A group of high school friends get together for a party to celebrate another friend’s most recent return from rehab. In their excitement, they all get a little heavy-handed with their personal additions to the party punchbowl, creating a concoction that results in everyone’s death. Kind of.
Turns out the drink they created out of everything from ecstasy to Wiccan ritual-friendly herbs to plumbing liquid has not done them in, but instead left them in a form of “urban undead” where their eyes get all weird and their bodies start to decay. Oh, and they seem to bleed or ooze Smurf-colored goo now too. Did I mention this is a musical?
The basic premise of VP Boyle’s dark comedic musical short, Lifeless #BeingKindaDeadSortaSucks, is certainly interesting enough. The songs are strong and the short film is truly put together well; it looks and sounds wonderful and moves along at a consistent pace. The main problem is that the story itself doesn’t move forward much at all.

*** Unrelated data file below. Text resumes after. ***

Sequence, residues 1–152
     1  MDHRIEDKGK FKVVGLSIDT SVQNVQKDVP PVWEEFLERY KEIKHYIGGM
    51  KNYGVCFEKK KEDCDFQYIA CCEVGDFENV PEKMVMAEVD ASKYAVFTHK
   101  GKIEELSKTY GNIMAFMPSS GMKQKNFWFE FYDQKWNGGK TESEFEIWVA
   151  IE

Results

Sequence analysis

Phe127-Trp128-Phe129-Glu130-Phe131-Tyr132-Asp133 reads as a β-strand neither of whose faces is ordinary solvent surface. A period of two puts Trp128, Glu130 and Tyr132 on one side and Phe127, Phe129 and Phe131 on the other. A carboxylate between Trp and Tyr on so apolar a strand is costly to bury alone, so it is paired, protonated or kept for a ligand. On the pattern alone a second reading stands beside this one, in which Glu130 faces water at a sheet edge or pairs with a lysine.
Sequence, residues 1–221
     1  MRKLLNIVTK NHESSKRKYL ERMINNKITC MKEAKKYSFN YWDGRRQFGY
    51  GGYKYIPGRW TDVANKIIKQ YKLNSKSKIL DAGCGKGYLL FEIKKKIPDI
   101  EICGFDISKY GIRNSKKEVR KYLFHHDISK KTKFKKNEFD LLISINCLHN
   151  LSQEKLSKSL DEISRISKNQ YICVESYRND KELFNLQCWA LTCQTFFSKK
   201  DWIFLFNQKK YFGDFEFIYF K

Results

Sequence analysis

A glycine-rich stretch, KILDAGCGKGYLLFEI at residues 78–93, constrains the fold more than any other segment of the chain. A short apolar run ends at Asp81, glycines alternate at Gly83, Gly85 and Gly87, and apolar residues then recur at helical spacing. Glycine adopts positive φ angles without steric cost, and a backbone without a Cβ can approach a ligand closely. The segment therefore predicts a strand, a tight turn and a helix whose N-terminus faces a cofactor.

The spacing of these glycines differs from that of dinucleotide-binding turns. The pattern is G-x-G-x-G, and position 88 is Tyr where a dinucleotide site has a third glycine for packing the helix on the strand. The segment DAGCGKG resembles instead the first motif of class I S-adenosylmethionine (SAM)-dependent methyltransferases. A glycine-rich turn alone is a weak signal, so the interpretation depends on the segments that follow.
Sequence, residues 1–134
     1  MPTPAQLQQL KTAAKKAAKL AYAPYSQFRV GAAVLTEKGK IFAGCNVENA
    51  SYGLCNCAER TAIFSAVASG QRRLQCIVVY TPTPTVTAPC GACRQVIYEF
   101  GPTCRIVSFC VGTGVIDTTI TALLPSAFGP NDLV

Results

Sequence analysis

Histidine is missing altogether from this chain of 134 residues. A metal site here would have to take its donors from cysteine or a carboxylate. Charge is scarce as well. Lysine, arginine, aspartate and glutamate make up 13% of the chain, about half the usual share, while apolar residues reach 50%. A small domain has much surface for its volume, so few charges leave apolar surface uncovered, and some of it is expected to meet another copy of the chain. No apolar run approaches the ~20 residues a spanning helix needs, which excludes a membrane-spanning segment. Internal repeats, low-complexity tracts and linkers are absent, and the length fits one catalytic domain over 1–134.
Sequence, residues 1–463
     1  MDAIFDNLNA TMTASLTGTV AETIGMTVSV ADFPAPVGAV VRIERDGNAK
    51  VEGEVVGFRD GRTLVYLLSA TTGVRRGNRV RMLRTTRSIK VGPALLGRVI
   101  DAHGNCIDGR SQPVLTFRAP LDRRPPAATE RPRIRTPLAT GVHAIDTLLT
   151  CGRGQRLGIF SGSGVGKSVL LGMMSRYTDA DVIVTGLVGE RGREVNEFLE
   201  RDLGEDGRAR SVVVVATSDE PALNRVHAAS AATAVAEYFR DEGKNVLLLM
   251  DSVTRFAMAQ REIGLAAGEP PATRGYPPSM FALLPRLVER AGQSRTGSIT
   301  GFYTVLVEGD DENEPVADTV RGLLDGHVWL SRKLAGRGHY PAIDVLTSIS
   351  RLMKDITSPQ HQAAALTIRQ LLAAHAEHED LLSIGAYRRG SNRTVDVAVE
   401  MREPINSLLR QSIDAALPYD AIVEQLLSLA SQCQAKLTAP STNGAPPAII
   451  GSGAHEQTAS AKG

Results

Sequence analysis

At about thirty minutes long, for a short film to feel like very little happens is not a good thing. For the most part, it all feels like setup for something longer, but the setup isn’t all that great either. Beyond everyone’s lives being cut short, and their angst over that, no one really has a narrative arc. Some characters get more of a look than others, but for the most part you’re watching a bunch of seemingly spoiled teenagers whine about being undead… and then singing about their predicament while trying to make the best of it while nothing else happens. It’s neat but to what end, really?
I do want to single out a particularly humorous sequence that had me cracking up, however. After their undead transformation, the friends find themselves the victims of a door-to-door candy selling from some musical theater students. Out of every joke in the film, and every musical sequence, this one segment is the stand-out moment in the short. No matter how little I got out of the rest of the film, it was worth the time just for the laughs I got out of this sequence.
Overall, filmmaker VP Boyle has musical chops, and continues to show that. I previously reviewed Boyle’s musical It Is What It Is, and there’s no denying, for me at least, that the skills needed to pull off this film are all firmly in Boyle’s wheelhouse. This one just seemed to have a story that didn’t cook long enough; it’s more a premise loosely held together by music than a strong story, based on said premise, elevated by the music.
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